Robert K. Ross, M.D., President and Chief Executive Officer for The California Endowment. Dr. Ross has been actively involved in community and professional activities at both the regional and national level. He serves as a Member, President’s Advisory Commission on Educational Excellence for African Americans, a Board member of the California Health Benefit Exchange Board, Rockefeller Philanthropy Advisors; Co‐Chair, Diversity in Philanthropy Coalition; Board member, USC Center on Philanthropy and Public Policy; and has served as a Board member of Grantmakers in Health, National Vaccine Advisory Committee, the National Marrow Donor Program, San Diego United Way and Jackie Robinson YMCA.
During his tenure at The California Endowment, the foundation has focused on the health needs of underserved Californians by championing the cause of health coverage for all children, reducing childhood obesity, strengthening the capacity of community health centers, improving health services for farm worker and ex‐offender populations, and strengthening the pipeline for bringing racial and ethnic diversity to the health professions. In 2010, The California Endowment launched a 10‐year statewide commitment investing $1 billion to advance policies and forge partnerships to build healthy communities and a healthy California. Recently, he has helped bring greater philanthropic attention to the health and well‐being of young men of color across California and the nation. Dr. Ross received his undergraduate, Masters in Public Administration and medical degrees from the University of Pennsylvania in Philadelphia.
Maria Blanco, Executive Director of the UC Center for Undocumented Student Legal Services at the UC Davis School of Law. María has more than 20 years of experience as a litigator and advocate for immigrant rights. Her most recent position was Vice President of Civic Engagement at the California Community Foundation. She has also worked for the Earl Warren Institute at Berkeley School of Law and the Mexican American Legal Defense and Educational Fund. She currently serves on the board of Public Policy Institute of California and is a commissioner on the California Citizens’ Redistricting Commission.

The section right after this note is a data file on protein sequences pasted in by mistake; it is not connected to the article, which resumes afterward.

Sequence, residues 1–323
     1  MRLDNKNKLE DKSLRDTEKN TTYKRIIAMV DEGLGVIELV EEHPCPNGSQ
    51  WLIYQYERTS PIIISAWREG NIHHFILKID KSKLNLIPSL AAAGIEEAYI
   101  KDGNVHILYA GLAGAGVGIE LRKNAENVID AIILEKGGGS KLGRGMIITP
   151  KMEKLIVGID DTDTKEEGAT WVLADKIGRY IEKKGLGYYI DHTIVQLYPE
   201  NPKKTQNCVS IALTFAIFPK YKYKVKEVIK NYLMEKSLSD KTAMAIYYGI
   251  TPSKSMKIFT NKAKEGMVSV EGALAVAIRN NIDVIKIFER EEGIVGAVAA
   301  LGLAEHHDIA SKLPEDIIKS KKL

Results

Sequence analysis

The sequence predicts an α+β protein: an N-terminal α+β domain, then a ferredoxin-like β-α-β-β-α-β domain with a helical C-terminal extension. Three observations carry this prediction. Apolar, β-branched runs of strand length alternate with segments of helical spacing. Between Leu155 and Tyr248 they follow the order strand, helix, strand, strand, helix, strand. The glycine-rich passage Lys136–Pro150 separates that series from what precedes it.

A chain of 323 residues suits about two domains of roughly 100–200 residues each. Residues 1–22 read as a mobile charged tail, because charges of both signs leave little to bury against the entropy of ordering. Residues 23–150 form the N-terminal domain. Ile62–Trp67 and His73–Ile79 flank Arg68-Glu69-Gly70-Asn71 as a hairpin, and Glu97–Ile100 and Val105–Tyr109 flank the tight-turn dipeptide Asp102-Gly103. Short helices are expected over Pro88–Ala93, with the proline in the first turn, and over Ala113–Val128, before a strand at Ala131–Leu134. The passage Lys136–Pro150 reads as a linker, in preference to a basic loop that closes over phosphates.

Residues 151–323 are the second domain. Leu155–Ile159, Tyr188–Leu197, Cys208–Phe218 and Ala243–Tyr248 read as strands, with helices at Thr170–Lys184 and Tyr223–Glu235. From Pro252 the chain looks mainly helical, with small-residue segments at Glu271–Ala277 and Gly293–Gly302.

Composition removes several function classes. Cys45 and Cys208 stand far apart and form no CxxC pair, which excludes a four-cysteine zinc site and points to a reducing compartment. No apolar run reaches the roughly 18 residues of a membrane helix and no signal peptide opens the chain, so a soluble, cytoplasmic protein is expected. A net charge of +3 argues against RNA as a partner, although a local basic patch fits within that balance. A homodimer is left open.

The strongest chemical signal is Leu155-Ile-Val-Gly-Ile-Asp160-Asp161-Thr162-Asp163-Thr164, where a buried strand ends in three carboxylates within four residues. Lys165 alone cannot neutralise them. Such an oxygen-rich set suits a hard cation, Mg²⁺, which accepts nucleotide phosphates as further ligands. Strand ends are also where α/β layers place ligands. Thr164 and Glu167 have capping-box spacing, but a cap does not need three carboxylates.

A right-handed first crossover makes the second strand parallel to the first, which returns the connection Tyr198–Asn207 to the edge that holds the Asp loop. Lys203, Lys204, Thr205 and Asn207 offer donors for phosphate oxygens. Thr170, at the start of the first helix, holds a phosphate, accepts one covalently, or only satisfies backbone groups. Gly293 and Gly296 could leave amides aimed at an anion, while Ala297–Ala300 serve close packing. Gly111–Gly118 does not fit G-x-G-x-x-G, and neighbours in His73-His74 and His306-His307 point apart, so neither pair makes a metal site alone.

Sally Kinoshita, Deputy Director, Immigrant Legal Resource Center. Sally helps lead a number of ILRC collaborative and capacity-building projects and oversees the organization’s marketing and communications development. Sally also brings to the ILRC her expertise on immigration relief for abused immigrant women and children as the author or co-author of a number of ILRC publications and by serving as a trainer to judges, attorneys, BIA-accredited representatives, social workers, domestic violence service providers and others.
Tessa Rouverol Callejo, FAITHS Program and Civic Engagement Officer, The San Francisco Foundation (Moderator). Tessa manages the Immigrant Integration portfolio and directs the FAITHS Program, a civic engagement and capacity-building initiative serving hundreds of Bay Area faith-based and community organizations. Before coming to the Foundation, Tessa directed the Central American Refugee Project at San Francisco Catholic Charities, the National Sanctuary Defense Fund, and St. Peter’s Housing Committee, all of which served the immigrant community. Additionally, she founded and later served on the board of the California Interfaith Coalition for Immigrant Rights, a statewide collaborative of faith-based organizations advocating for the just treatment of immigrants.Tessa has deep expertise in the fields of community organizing, policy advocacy, immigrant integration, and affordable housing and currently co-chairs the Immigrant Legal Services Committee of the California Immigrant Integration Initiative. She is originally from the San Francisco Bay Area and is a graduate of the University of California at Berkeley.